Slade, a serial killer, is a lodger in a 19th-century family's London home. So is a singer, Kitty Langley, who definitely has caught Slade's eye.
Women are being brutally killed in the Whitechapel district. Scotland Yard is investigating and a detective, John Warwick, begins to cast his suspicions in Slade's direction. Kitty, meanwhile, has also developed an attraction to Slade.
Slade goes to see her perform at a cabaret. He goes backstage afterward and tries to make her his next victim, but Warwick's men get there just in time. Unwilling to be taken into police custody, Slade flees to the riverbank and leaps to his death.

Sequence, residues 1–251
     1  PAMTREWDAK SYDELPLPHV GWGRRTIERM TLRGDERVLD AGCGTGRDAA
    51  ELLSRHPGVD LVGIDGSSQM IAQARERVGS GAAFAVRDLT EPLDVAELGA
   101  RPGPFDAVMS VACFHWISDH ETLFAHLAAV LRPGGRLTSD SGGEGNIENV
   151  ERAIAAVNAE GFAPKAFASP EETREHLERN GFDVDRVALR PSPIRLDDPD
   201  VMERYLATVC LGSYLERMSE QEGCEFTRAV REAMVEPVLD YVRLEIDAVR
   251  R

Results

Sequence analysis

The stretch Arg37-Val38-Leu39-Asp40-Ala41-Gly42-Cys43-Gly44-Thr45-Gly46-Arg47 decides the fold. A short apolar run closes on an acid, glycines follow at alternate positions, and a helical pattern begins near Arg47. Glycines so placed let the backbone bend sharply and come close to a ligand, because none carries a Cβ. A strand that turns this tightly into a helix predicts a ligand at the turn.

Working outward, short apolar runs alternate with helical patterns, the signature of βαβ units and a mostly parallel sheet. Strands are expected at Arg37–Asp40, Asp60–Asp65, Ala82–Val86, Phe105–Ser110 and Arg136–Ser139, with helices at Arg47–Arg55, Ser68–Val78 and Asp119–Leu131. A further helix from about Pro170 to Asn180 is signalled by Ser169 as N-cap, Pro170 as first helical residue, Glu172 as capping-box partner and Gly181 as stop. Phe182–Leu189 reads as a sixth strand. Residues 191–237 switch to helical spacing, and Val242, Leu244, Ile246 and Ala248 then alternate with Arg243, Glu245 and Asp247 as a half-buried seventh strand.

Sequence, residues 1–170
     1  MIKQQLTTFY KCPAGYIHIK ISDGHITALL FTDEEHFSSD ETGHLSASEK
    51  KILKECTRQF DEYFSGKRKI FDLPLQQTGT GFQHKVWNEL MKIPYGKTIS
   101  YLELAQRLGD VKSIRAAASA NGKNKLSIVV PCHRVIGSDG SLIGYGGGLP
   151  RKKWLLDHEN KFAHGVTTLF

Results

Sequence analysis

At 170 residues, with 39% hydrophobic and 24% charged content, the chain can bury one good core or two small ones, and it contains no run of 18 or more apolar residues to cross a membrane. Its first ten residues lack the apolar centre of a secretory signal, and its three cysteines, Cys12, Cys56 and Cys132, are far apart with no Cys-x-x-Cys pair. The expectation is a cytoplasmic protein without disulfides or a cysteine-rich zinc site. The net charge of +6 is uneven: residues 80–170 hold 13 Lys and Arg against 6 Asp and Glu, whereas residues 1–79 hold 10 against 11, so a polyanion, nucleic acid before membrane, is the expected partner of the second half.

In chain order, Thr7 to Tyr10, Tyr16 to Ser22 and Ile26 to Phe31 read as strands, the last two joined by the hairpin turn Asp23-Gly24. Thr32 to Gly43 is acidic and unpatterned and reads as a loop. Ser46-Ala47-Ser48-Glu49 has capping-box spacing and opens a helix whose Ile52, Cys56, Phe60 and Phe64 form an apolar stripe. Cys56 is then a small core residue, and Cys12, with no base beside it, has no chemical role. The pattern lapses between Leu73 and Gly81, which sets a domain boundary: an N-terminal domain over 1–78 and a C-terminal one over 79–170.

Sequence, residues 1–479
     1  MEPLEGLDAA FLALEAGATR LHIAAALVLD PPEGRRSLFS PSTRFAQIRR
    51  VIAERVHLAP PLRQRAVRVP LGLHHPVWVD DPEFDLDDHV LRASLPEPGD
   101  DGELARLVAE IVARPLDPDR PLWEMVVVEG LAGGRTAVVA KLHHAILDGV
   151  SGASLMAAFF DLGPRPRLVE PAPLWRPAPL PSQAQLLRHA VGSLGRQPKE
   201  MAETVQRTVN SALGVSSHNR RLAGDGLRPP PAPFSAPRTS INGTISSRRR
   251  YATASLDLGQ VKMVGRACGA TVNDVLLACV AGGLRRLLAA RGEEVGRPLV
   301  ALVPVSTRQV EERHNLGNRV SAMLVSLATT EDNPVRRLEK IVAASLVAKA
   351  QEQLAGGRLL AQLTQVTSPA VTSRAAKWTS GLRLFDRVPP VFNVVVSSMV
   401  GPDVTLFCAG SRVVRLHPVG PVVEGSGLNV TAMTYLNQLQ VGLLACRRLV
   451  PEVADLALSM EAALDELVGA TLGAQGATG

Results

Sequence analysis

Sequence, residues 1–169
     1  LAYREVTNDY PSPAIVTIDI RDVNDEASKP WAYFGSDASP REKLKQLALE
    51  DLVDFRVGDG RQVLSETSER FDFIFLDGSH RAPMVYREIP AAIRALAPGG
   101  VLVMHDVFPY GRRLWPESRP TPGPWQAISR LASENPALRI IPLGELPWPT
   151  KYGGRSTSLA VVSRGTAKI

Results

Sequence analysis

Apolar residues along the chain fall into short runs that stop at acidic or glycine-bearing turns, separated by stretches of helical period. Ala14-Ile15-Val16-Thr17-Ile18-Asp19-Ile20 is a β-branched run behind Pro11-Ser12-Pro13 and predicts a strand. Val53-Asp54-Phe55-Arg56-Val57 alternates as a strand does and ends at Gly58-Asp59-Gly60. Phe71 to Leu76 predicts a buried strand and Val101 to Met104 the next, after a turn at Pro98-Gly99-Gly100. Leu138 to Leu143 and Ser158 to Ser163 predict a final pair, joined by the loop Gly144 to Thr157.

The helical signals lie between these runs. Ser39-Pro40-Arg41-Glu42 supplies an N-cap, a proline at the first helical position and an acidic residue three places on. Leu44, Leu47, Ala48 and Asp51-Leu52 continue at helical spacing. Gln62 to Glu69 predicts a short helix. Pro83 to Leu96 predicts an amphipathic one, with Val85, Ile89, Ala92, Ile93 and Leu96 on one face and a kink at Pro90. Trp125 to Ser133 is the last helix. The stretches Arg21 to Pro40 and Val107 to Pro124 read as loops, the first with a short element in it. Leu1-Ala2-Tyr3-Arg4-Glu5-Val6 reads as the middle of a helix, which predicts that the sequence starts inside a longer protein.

Merle Oberon as Kitty Langley (singing voice was dubbed by Lorraine Elliott)
The New York Times gave the film a positive review, "If The Lodger was designed to chill the spine—as indeed it must have been, considering all the mayhem Mr. Cregar is called upon to commit as the mysterious, psychopathic pathologist of the title—then something is wrong with the picture. But, if it was intended as a sly travesty on the melodramatic technique of ponderously piling suspicion upon suspicion (and wrapping the whole in a cloak of brooding photographic effects), then The Lodger is eminently successful." Variety wrote, "With a pat cast, keen direction and tight scripting, 20th-Fox has an absorbing and, at times, spine-tingling drama". TV Guide rated it 4/5 stars and wrote, "Cregar is absolutely chilling in this Jack the Ripper tale, perhaps the best film made about Bloody Jack."